(The TOT series, or Transactions of Today, looks at old moves from this date years ago. How did they happen? Did they work out? What happened after? If you enjoy or have memories/thoughts of your own, feel free to comment below and/or share on social media.)
Transaction of Today…November 19, 2001 – The Atlanta Braves signed Chris Hammond as a free agent.
In 1998, Chris Hammond returned to the Florida Marlins, where he spent the majority of his journeyman career. He was trying – desperately – to return to the previous glory when he threw three shutouts over 37 starts between 1994-95 with a steady 3.57 ERA. But Hammond’s ERA, which skyrocketed in 1996 and 1997 – the latter of which with the Boston Red Sox – continued to balloon despite a trip back to South Beach. Included was a 1997 shoulder surgery. Hammond described the after-effects of the surgery like this: “After the surgery, it wasn’t fun anymore.”
Born in Atlanta, Hammond settled in Randolph County, Alabama where he purchased a horse ranch with a large lake and more than 200 acres. He’d watch his kids grow up and live out his life with his wife, Lynne. Not bad for early retirement.
It didn’t last long.
Just a year-and-a-half later, with his shoulder healthy, Hammond caught on with the Cleveland Indians for a bid to return to the majors. It was a comfortable area for him as he had come up in the minors as a prospect for Ohio’s other team, the Reds. He spent half of the year in Buffalo for the Indians’ Triple-A team, but couldn’t get a callup. Hearing that the Indians had a bizarre rule that all major league pitchers had to throw at least 90 mph, he asked for his release if the rule was legit. The soft-tosser soon was released.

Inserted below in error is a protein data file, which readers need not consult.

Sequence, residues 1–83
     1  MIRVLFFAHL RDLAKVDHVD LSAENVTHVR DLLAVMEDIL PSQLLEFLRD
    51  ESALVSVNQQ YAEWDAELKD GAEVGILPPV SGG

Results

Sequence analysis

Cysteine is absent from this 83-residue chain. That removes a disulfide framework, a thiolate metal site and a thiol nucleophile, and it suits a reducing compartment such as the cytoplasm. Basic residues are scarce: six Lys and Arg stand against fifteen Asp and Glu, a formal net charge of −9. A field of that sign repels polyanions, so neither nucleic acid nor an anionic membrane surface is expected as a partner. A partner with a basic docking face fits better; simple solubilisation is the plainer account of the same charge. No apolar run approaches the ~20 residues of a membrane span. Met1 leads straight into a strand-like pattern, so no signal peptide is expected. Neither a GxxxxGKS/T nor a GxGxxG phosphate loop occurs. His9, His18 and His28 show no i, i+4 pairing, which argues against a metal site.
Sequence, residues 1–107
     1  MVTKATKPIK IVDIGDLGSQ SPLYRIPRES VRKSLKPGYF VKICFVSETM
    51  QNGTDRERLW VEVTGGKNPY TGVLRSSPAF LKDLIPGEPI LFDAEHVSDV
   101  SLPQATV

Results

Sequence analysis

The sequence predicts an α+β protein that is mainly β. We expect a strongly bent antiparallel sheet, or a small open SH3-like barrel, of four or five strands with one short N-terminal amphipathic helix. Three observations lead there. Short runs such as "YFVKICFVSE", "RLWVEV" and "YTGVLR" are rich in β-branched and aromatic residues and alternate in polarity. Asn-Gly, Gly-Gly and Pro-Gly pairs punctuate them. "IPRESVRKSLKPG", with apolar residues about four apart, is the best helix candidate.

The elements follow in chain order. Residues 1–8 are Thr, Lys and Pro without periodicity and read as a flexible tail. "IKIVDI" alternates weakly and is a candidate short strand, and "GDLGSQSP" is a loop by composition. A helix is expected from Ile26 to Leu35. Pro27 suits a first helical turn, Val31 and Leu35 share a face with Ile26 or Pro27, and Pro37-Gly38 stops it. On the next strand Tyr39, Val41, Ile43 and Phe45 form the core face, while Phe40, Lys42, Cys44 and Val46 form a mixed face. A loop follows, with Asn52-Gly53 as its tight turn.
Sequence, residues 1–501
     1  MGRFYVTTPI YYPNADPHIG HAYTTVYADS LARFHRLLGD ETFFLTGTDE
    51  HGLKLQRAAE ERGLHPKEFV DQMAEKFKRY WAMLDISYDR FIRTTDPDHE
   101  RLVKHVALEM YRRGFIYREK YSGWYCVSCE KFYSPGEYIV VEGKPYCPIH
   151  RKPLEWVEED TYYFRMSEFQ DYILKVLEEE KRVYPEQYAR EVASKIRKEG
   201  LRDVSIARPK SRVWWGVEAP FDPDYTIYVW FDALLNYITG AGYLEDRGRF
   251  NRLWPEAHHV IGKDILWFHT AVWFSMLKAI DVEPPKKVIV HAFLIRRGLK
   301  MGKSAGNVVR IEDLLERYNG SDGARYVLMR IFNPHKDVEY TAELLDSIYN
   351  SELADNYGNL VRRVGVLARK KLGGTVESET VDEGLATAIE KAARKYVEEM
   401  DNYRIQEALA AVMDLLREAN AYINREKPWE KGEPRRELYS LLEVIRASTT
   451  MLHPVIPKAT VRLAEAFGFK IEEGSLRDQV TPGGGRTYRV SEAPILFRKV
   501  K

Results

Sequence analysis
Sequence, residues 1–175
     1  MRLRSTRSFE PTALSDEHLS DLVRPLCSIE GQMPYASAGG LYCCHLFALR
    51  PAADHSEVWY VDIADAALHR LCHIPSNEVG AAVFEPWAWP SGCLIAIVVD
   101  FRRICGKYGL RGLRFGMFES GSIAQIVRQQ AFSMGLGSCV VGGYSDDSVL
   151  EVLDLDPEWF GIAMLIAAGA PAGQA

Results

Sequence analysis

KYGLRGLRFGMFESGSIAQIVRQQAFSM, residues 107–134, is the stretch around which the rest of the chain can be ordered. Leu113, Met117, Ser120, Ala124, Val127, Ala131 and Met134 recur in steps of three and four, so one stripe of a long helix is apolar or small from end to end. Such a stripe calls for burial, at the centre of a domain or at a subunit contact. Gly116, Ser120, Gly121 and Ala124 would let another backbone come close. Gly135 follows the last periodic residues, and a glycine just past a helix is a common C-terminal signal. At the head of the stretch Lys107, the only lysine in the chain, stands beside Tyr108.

The Braves quickly pounced, adding the southpaw to their Richmond squad for the rest of the season. He wasn’t promoted to the majors but had a 2.35 ERA over 21 games for the R-Braves including an absurd 29 K’s to just 4 walks.
Atlanta wanted to see more so they re-signed Hammond on this day 18 years ago in advance of the 2002 season. The 2001 club, after dealing John Rocker away, had failed to find a second lefty behind Mike Remlinger. They hoped Hammond could be that guy. He’d show that he was that guy and so much more.
After a nearly three-year gap between major league appearances, Hammond appeared in the Braves third game of the year, retiring two of the four batters he faced. Initially, Bobby Cox used Hammond has his long guy out of the pen. Five of his first nine outings were multiple-inning appearances and he allowed seven runs, including five earned, to finish April with a 2.87 ERA. Often, that’s a season-low for an ERA. In Hammond’s case, his ERA would never again be that high.
With a dynamite change-up, Hammond started to get a few higher leverage appearances in May. Quickly, he was becoming one of Atlanta’s most-trusted relievers in what was rapidly becoming one of the league’s premier bullpens. His ERA fell under 2.00 on June 3, the first of three consecutive appearances where he logged wins in relief. His first “hold” came on June 15. By July, he became one of Cox’s primary guys in the 7th-and-8th innings with the lead. From June 30 to August 1, he got a hold in eleven of 14 games.
Even more impressively – starting on June 30 until the end of the season, his ERA fell in every single game. He had surrendered his final earned run.
On September 21, while facing his former mates in Miami, Hammond worked around a slew of hitters – six of them reached over 1.2 innings – to lower his ERA under 1.00. Two more scoreless outings to close the year brought his ERA to 0.95. It was the first time in over a decade that a pitcher finished the year with at least 50 innings and an ERA under 1.00.